At fifty years of age, having spent most of his life in a gang or prison, Lucky Te Koha was arrested yet again. Released later that night, he went home to sleep — but not before vowing to be at war with the police for the rest of his life. Little did he know, the next day would change his life forever.
Through a series of strange events, Lucky found himself standing in a church, surrounded by four policemen praying for him, one of whom was the arresting officer from the night before.
In an almost unbelievable moment, Lucky felt the years of hatred and anger lift off him and for the first time in his life he gained a sense of compassion for those men standing beside him.
Three years later, inspired by his own transformation, Lucky became a pastor and embarked on a radical mission.
Going into the gangs of Aotearoa, Lucky is helping patched gang members work through the trauma, addiction, aggression, and broken relationships that have crippled their lives.
Lucky must continue to face his own challenges, while reaching a hand into the gang world around him and pulling others up into a new way of living.
For Lucky, it isn’t about having patched members leave their gangs; it’s about rewriting the culture of the gangs to be a place of safety, belonging and healing.
His ultimate goal is to bring enough healing into the lives of these men that rival gang members will be able to unite together with the common purpose of bringing healing to their communities. Empowering them so that they will be able to choose love over hate and to forgive the wrongs of the past.
Powerful men determined to create a better upbringing for their children than the one they received from their fathers — this is the central theme flowing throughout the film. To become better fathers, these gang members have realised that they need to become stronger men.
The shared history of these gang members is a childhood filled with abuse, rejection, neglect, and trauma. The flow-on effect from their past has been an adult life filled with addiction, anger, violence, crime, loneliness, grief, and fear.
At the heart of all mankind is the deep-rooted need for acceptance and belonging. Having grown up in gang life or being rejected from society, these men have gathered together to create a place of support and protection — albeit a broken one.
This film is powerful in that it challenges general public perceptions of gangs. It digs deeper beyond the surface, going past gang patches and intimidation, revealing the common ground, the desire to feel loved, to be fathered, and to know that your children are taken care of.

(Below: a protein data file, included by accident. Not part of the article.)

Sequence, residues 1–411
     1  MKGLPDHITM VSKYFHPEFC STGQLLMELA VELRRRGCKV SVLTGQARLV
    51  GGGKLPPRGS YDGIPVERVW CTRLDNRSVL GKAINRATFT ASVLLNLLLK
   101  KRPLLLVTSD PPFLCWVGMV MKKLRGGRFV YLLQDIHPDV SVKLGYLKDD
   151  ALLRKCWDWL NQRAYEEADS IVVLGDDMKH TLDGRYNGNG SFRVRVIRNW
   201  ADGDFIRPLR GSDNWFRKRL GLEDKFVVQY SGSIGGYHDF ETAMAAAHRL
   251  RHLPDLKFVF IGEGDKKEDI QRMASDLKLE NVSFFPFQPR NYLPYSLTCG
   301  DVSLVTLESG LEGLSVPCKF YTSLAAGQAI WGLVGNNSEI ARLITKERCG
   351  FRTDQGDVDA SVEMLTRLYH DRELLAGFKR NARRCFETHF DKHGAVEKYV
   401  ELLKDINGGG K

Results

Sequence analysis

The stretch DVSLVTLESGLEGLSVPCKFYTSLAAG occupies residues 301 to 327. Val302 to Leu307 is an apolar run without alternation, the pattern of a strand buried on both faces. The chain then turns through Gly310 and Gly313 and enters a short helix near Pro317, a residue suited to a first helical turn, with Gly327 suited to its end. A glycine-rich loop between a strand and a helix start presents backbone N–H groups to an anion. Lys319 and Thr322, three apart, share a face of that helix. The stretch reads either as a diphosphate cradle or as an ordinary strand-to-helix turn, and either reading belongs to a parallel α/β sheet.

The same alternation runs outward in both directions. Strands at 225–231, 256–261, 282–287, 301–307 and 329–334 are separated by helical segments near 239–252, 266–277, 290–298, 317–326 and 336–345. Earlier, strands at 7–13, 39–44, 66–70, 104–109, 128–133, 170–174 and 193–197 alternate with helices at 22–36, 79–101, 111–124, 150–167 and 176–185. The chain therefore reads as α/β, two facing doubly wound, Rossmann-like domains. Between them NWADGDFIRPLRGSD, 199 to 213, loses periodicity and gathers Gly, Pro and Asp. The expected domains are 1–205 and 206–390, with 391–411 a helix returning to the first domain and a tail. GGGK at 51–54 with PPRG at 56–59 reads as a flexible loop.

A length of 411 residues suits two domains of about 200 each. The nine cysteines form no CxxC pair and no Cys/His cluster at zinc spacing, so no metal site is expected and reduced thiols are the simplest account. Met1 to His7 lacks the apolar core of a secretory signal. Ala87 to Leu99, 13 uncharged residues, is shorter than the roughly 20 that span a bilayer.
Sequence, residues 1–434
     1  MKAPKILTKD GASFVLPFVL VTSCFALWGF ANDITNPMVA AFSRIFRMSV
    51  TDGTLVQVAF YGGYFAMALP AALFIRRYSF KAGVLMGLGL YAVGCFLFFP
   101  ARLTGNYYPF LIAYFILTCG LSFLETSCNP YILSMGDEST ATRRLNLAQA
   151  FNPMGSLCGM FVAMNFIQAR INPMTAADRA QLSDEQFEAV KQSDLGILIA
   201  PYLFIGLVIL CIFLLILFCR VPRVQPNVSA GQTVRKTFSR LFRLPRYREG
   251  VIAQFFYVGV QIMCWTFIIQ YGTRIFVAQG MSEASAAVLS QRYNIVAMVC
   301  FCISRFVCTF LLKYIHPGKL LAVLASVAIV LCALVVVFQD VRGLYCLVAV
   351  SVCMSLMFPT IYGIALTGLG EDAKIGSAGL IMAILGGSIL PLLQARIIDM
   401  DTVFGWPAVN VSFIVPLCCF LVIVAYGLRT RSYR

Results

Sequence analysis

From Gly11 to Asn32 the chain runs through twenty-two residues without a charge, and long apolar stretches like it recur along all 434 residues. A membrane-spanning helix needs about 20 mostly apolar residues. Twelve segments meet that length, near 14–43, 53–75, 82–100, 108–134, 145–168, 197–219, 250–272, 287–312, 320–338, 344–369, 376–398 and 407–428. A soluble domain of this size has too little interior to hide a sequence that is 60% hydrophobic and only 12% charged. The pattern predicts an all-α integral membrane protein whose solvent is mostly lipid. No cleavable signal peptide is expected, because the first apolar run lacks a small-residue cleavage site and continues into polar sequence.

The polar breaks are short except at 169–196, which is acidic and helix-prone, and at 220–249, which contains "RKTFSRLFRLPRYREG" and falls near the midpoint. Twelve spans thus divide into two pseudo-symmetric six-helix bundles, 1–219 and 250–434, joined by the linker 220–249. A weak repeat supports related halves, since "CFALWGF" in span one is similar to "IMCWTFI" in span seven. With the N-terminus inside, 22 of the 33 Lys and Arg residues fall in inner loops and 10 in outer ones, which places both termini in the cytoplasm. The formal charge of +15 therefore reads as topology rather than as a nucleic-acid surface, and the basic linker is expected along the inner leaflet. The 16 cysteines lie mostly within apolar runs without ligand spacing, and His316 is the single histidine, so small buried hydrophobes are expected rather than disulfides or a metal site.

Following the individual lives of gang members from Black Power Whakatane MG and The Mongrel Mob Kingdom, we explore the extraordinary journey of these men. Lucky Te Koha leads them through a process of forgiving those who have hurt them, accepting those who are different, and receiving healing from their past so that they might be men who leave a greater legacy for the next generation.
Spirituality runs deep within Māori culture. It is this foundation that opens the door for these men to allow faith in Atua to bring healing where there is brokenness, light where there is darkness, and for love to triumph over hate. This is powerfully evident as these gangs, which are traditionally full of hatred towards the police, are permitting some police officers with a mutual faith to join them as part of this healing process. This shared belief is forming a new bridge between two worlds that have always been at war. It is a beautiful picture of aroha and peace overcoming hate and prejudice.
For Lucky Te Koha, every meeting, conversation, and healing moment is building towards one ultimate climax. In his heart, he has a vision to bring together rival gang leaders from across the nation for a time of healing, forgiveness, and prayer. His hope is that with the work he is doing, he will be able to bring a unity that ushers in a new season of restoration for communities and families across the gang world of New Zealand.
After a solid year of working with these gangs and many others, he is getting closer and closer to that moment. If momentum continues, he expects to reach this unprecedented milestone during 2022. Key leaders from many of Aotearoa's most notorious gangs have already bought into this important tikanga and pledged to be part of this initiative.
Regardless of someone’s background and present situation, MANA ATUA demonstrates that even in the darkest places there can be light. It demonstrates that the power of love, forgiveness, and hope can prevail over trauma, anger, and hate and make a positive change for the generations to come.